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Outside the dining room at the Assembly Inn at Montreat Conference Center Sept. 6, several dozen people – mostly women – moved around freely, visiting and conversing before the luncheon to benefit Ministry of Hope.

Alone inside the large dining room, 18 female inmates of the Swannanoa Correctional Center for Women, sat bunched together, talking while they waited for their lunch to be served. Watched over by prison personnel and chatted up by members of the Swannanoa prison’s chaplaincy committee, the women did as they were told. But they seemed happy to be out in public and eager to put on the concert they’d been rehearsing.

The Swannanoa Correctional Center, a minimum custody prison, has a choir, one that performs during this annual fundraiser for Ministry of Hope, a community-funded chaplaincy program that raises money to employ chaplains at the prison. Every other month, the choir receives an invitation to sing at an area church. For the singers, many of whom have worked for years to get to this level of freedom, the outings are an opportunity to taste the outside world while sharing a gift they love to give – singing.

On Sept. 6, they were going to sing two numbers that borrowed from white and black gospel music. Two of the women agreed to talk about what the choir – and the excursions – mean to them.

State law prohibits the prison from releasing the women’s full names, so both women introduced themselves by their first names. Both are named Regina. The older of the two suggested they be differentiated as “Regina Young” and “Regina Old.”

Regina the Younger is serving time for armed robbery and assault with a deadly weapon. She’s serving a 14-year sentence and gets out in 2019. Regina the Older is in for second-degree murder and gets out in 2020.

Having “rededicated my life to the Lord,” Regina the Older worked for a lot of years to get to minimum custody. Staying out of trouble, she worked up to the level that allows her to take trips outside of prison. That made singing in the choir possible. She joined in April.

Singing has always been her refuge, she said. When she was a little girl growing up in Rutherford County, she sang gospel music in church with her mother. She sang other times too, in her bedroom and often outside, to console herself after being molested or raped. It was a way to escape, she said. And, in a way, it still is.

“For me, it’s the projection of that peace that God has given me, the joy that he has given me despite the circumstances or whatever’s going on in life,” she said.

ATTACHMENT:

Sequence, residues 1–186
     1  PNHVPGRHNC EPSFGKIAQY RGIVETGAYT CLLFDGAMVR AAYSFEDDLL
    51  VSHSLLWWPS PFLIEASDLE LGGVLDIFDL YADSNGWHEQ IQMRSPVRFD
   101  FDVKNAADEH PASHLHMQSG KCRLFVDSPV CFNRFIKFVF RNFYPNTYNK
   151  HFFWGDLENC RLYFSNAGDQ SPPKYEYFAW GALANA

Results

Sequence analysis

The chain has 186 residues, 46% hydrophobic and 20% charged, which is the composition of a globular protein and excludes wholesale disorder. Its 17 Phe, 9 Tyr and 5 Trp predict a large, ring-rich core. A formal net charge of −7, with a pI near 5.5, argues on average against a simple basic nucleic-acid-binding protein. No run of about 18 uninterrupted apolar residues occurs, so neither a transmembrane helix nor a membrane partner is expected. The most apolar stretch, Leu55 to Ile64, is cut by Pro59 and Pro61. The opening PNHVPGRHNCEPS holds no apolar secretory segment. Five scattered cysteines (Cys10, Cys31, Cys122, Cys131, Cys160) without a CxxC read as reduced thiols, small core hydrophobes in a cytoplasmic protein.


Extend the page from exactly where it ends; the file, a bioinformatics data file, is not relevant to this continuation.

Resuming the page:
Regina the Younger was also molested as a young girl, she said. Biracial, she grew up in a difficult family situation. “To find comfort, I would go around singing, or sing in the shower. I sang in church a lot, with my mom. It was something else to have my mind on, than what I was going through.”

She’s fine singing to herself, but singing in front of others scares her. She joined the choir in July in part to help her open up.

“I’m kind of coming out of my shell more, singing in front of people,” she said.

“She has a beautiful voice,” Regina the Older said.

The singers themselves direct the choir, depending on the song and a particular vocalist’s strength, the Reginas said. The choir picks its own songs and is, for the most part, self-directed (two volunteers come in once a week to help out; without them, the choir can’t meet).

The choir helps the women develop their musical and leadership skills, according to the Rev. Shannon Spencer, a prison chaplain who accompanied the women to the luncheon

“And this,” she said, indicating the dining hall in which they were about to perform, “is where it’s celebrated.”

“Aren’t these awesome women?” Carole Tyler, a volunteer who works with the group, said of the Reginas. Tyler has a couple of degrees in music, but she said she’s learning a lot from the choir which sings acapella. “They fill up a room or a cathedral or whatever they need to,” she said.

While the other women got up to fill their ice tea glasses, Regina the Younger addressed what singing in the choir meant to her. This was her first time performing with it. “It’s my chance to share my gift and show others how I praise God and how I worship,” she said. “Worshipping God to me is to sing.”

“For me,” Regina the Older said, “it makes me feel whole in an otherwise dehumanizing world. It helps me to transition into what society’s going to be when I get out. It takes me you away from that dehumanizing feeling.”

“We all share a common bond – we share each other’s pain,” Regina the Younger said. “When we go to choir practice or we go out (into the world), it means so much because we’re in such a negative environment all the time. It means so much to be able to do something so positive together. It makes you feel valuable, special. It reminds you that you’re …”

“ … human,” the other Regina said.

“Yeah, that you are somebody,” the younger one said. “For us to be asked to sing somewhere, when we’re incarcerated, it means a lot.”    

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